This post started out as a personal rant, but it also says something important about the state of science in Poland.
Today the results of the latest application round for grants from the Polish National Science Centre (NCN) were announced. I have for some time that my application was not funded. It was thrown out in the first round. That’s ok, and with a success rate of 14% it’s clear that not everyone will get money. It is the reason that really ticked me off.
When I started reading the opinion from the expert panel it looked good: “The PI is a very good scientist…“, “The project is very good…” “The application is excellent, with clear goals and hypotheses…” In the summary under the headline weak points, the two reviewers wrote (in full): “The application has no weak points.” and “In my opinion there are no noticeable weak points”, but still… no money.
Why? I asked for too high salary. It’s written clearly in the opinion that the payment to the PI and a postdoc were too high. I applied for the maximum amount given in the instructions from NCN, which is 5000 PLN + overhead per month before tax . Since I was planning to work 70% of my time for this project that amounts to 3500 PLN per month or about 840 EUR. This, the expert panel (NB not the reviewers) thought was too much.
To put it in perspective. I now (without pay from projects) earn quite a bit less than the average salary in Poland, which is 3650 PLN (880 EUR). The money from the grant would put me above the national average, but still below the median pay in Warsaw (6000 PLN). My brother used to ask why I spent ten years in university (it was a long time ago) to earn less than someone working at McDonald’s. Well, it’s a relevant question. Even more so when it comes to the pay of PhD students. If they don’t get paid my a grant, they will have a salary that is hard to live on in Warsaw. A PhD student practically must share flats with someone or live in a dormitory. Otherwise there is no way to survive. That goes a long way to explain why the best students move abroad, and why recruiting new grad students frequently involves taking whoever is willing.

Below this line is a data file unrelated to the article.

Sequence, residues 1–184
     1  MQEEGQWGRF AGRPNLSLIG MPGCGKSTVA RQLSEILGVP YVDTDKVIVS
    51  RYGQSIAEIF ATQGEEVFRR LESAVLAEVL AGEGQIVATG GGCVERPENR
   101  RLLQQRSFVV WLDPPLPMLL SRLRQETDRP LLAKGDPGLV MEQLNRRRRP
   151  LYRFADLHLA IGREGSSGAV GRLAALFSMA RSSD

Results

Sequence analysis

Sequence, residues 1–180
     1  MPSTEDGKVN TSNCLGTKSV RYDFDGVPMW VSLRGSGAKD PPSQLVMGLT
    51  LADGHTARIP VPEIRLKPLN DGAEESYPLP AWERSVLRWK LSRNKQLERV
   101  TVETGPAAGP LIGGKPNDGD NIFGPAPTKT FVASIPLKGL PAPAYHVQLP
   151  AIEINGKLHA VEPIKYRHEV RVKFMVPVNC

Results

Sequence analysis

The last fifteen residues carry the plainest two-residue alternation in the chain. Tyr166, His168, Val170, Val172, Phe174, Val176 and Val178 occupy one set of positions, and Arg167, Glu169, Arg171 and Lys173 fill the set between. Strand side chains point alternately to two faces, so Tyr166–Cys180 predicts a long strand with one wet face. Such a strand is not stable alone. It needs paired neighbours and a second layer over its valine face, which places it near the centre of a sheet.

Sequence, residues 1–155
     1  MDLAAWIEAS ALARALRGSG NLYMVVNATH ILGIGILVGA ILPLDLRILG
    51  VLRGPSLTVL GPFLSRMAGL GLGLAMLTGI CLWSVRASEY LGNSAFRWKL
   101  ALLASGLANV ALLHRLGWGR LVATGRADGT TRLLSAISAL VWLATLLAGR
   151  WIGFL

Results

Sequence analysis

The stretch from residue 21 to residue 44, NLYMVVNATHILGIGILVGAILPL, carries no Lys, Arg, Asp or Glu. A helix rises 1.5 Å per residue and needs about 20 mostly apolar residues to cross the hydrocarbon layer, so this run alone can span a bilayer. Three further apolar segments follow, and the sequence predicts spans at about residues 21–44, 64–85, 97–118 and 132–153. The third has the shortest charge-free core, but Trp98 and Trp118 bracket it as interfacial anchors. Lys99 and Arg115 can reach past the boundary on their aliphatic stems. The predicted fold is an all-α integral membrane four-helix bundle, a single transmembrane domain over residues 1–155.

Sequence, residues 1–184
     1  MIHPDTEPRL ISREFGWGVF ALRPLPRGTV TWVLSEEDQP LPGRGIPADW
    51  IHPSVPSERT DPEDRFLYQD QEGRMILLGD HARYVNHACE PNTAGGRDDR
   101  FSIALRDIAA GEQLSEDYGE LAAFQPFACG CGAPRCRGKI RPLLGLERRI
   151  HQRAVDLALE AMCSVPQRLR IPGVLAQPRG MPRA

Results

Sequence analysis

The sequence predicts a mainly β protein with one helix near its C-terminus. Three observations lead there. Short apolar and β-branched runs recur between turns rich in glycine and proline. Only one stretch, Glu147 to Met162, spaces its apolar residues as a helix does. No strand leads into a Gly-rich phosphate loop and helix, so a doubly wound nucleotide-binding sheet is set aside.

When it comes to paying for science, Poland is found at the lower end among the EU countries with a paltry 0.9% of GDP going to R&D according to Eurostat. The government under PM Ewa Kopacz has said that it’s goal is that by 2020 the spending should be 2% of GDP, which would put Poland on par with countries like the Netherlands and the Czech Republic.* The amount has increased over the years, mainly due to Poland joining the EU. In the latest budget for 2015 the increase in spending on research was ca. 10% compared to 2014, still far off what is needed to reach the 2% target. But as everyone from farmers and miners to nurses and firemen are threatening with strikes to get more money from the state, the prospect of a significant increase in science spending seems remote. Unfortunately Poland will continue to play in the second science league and see the best young players go to the elite clubs in the west for some time yet. Although there are pockets of excellence in Polish science the fact that zero (0!) ERC starting grants went to Poland this year does not bode well for the future.
As for me, I have another application in for the present round and consider what to do with my “excellent” (but rejected) application. So far my success rate in NCN applications has been 50%, so maybe there is still some hope. I’ll give it another year or two…
*Why Poland spends so much less than e.g. the Czech republic and Estonia is a legacy of the socialist time, the war and on the fact that Poland was a country of farming, mining and heavy industry with little basic science. A nice article in Nature on the topic was published last year.